In a letter opposing the measure, the NRA says it "manipulates emotionally compelling issues such as 'domestic violence' and 'stalking' simply to cast as wide a net as possible for federal firearm prohibitions."
Giffords' team was initially hopeful, but it now concedes that the bill is not likely to come up in Congress' lame-duck session. And while the mood was largely positive during Giffords' tour, the frustration they're not connecting with voters this election season was evident.
"It's hard not to be, as a person in this country, disappointed by the lack of response," Carusone said. "But we're not surprised. We knew this wouldn't be easy."
AUGUSTA, Maine (AP) — Former U.S. Rep. Gabby Giffords will begin a nine-state tour in Maine, where she will advocate for tougher gun laws that she says will help protect women and families.
The former Democratic congresswoman from Arizona, who was severely wounded in a 2011 shooting in Tucson that killed six people, will seek to elevate the issue of gun violence against women and push for state and federal action to make it more difficult for domestic abusers to access firearms.
Giffords, who was shot in the head, remains partially paralyzed and continues to have difficulty speaking.
On the first stop of the "Protect All Women Tour" in Portland, Maine, on Tuesday, Giffords planned to meet with state domestic violence advocates, law enforcement officials and others.
Giffords' gun-control advocacy group, Americans for Responsible Solutions, calls guns and domestic violence "a lethal mix," noting that abuse victims are more than five times more likely to be killed if the aggressor has access to a gun.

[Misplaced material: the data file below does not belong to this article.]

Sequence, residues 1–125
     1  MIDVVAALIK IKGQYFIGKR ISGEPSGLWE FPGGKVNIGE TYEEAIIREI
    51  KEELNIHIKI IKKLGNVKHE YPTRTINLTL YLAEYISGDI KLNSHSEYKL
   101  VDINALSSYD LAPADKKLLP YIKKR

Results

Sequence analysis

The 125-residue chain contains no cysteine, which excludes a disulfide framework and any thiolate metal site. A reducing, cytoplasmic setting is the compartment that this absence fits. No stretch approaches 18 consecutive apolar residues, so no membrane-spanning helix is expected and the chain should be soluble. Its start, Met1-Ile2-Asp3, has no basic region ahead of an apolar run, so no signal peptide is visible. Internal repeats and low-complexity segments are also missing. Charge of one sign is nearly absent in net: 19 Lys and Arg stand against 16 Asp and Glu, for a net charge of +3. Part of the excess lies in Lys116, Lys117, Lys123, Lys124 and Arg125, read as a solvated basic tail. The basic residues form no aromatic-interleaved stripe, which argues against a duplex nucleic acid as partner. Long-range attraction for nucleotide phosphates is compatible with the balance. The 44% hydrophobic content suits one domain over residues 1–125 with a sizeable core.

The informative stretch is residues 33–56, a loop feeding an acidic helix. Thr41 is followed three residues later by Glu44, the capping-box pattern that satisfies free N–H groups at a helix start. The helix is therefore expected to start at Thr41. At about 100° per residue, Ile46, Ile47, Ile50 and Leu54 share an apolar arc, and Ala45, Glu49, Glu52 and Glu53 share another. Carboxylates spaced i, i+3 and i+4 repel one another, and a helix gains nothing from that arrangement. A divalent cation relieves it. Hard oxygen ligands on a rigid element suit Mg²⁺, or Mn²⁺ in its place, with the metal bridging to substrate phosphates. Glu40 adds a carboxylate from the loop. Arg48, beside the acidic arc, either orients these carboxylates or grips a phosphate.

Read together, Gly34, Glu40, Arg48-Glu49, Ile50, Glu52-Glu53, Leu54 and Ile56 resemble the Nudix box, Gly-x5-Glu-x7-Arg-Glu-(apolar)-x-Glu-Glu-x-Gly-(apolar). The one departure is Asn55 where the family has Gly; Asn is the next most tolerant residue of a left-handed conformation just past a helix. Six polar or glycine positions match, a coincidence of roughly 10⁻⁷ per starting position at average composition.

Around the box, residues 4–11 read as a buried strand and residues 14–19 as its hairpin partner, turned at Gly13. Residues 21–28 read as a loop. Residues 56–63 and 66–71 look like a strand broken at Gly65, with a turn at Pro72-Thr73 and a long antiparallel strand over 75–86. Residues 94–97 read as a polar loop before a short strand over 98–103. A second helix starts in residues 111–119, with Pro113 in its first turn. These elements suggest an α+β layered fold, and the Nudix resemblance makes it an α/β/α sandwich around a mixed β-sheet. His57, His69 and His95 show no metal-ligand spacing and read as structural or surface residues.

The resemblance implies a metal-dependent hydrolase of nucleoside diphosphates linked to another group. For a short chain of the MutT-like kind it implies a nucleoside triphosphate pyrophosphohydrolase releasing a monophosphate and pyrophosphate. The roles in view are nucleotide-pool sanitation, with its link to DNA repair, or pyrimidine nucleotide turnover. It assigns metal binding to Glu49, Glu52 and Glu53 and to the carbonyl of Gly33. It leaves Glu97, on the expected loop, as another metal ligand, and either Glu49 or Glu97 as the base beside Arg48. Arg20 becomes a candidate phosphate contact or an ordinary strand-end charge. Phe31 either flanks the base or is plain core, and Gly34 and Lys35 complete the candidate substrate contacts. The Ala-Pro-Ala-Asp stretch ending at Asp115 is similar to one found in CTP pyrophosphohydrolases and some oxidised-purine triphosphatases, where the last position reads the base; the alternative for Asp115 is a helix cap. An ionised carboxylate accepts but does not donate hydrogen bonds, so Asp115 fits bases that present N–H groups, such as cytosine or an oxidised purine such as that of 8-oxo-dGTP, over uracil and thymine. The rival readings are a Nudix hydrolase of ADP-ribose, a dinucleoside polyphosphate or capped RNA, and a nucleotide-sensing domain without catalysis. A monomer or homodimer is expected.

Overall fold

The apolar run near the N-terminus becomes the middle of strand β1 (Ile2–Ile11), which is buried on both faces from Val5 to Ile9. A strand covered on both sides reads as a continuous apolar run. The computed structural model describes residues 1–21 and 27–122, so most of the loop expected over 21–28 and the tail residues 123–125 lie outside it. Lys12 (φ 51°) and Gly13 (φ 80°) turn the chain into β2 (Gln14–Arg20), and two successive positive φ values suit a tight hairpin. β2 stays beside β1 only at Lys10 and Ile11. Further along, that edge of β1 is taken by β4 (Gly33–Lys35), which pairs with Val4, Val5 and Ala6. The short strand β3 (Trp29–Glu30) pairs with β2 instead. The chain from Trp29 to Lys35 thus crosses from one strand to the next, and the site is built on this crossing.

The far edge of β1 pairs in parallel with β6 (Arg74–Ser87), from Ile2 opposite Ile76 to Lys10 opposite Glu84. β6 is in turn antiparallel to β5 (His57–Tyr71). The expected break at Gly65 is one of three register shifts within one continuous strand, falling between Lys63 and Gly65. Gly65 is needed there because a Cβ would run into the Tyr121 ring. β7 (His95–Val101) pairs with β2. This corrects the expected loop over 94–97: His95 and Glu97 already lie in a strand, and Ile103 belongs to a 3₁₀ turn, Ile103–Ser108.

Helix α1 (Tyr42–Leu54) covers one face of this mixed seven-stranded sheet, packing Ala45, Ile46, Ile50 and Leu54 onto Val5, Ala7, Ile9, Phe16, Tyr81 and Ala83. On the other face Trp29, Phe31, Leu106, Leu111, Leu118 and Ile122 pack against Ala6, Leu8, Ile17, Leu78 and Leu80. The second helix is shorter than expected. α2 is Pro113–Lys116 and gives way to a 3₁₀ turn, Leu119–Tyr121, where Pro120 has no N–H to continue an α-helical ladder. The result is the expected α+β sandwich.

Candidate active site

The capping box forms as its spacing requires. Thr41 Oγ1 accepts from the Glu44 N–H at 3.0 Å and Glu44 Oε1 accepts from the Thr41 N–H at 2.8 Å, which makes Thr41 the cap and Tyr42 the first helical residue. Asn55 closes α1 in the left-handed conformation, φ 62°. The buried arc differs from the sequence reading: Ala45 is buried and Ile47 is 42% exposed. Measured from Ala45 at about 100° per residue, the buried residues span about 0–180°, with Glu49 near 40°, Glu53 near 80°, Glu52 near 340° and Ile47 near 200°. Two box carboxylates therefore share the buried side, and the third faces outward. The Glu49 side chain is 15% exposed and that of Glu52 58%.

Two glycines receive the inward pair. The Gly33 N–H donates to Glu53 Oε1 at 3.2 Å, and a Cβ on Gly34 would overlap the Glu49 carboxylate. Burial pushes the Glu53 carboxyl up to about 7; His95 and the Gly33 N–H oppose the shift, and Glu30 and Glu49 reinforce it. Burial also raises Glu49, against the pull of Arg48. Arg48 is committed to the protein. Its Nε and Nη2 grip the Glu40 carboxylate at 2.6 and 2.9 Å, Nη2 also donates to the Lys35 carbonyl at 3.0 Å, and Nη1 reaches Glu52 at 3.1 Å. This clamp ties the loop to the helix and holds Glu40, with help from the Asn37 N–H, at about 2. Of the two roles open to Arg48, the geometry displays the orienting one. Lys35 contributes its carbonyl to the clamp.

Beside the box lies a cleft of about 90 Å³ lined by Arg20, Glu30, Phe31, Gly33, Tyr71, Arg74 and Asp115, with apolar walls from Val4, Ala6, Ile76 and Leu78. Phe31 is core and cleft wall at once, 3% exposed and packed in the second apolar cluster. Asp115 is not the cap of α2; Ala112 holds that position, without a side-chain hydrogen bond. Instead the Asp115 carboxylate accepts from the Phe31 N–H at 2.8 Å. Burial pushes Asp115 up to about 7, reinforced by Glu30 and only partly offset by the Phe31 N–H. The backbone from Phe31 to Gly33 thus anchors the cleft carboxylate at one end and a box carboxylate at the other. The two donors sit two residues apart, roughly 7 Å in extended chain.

Among the changes Giffords has sought is to include people with misdemeanor-level stalking crimes among those who are prohibited from buying firearms and to expand background checks to ensure that domestic violence abusers can't buy firearms at gun shows.
After visiting Maine, Giffords will travel to New Hampshire, Connecticut, Pennsylvania, Arizona, Minnesota, Iowa and Oregon. The last stop of the tour will be in Seattle, Washington, on Oct. 22, according to details a Giffords aide provided to The Associated Press.
Giffords and her husband, Mark Kelly, did a similar tour across the country last year, focused on garnering support for expanded background checks.
What is the big deal about public education these days? Does it really have an effect on my life if I don’t have children attending the public schools? The Justice Policy Institute issued a report in 2007 on Education and Public Safety. Research results found that “a 5-percent increase in male high school graduation rates would produce an annual savings (in the state) of almost $5 billion in crime-related expenses.” Are you aware that the Arizona high school graduation rate has fallen below the national average? Public Safety is the main concern of police departments across the state. Who, then, did the Arizona Police Association choose to endorse for Gilbert School Board? Jill Humpherys and Charles Santa Cruz.
NEW YORK — An exhibit of quilts, clothing, uniforms and other Civil War-era textiles reveals a complicated and heart-wrenching time.
This photo provided by the New-York Historical Society shows the 1820 “Candlewick” bedcover, quilted in exquisite detail in a white pearl and floral design on natural linen by Thankful Williams, of Mystic, Connecticut, on loan from the Connecticut Historical Society. It was made from a bale of cotton presented to her ship captain husband by a Charleston family grateful to him for safely delivering their baby aboard his ship. After leaving New York, the “Homefront and Battlefield” will be on view at the Shelburne Museum in Shelburne, Vermont, from September 20, 2014 to January 1. (AP Photo/New-York Historical Society, Gavin Ashworth)
WASHINGTON — Genetically modified foods have been around for years, but most people in the United States have no idea if they are eating them.
Hamilton sat atop the state’s baseball power rankings all season — the Huskies also have been nationally ranked by publications such as Baseball America and are Max Preps’ No. 1 team in the country — so it was no surprise which team received the No. 1 seed in the Division I state tournament.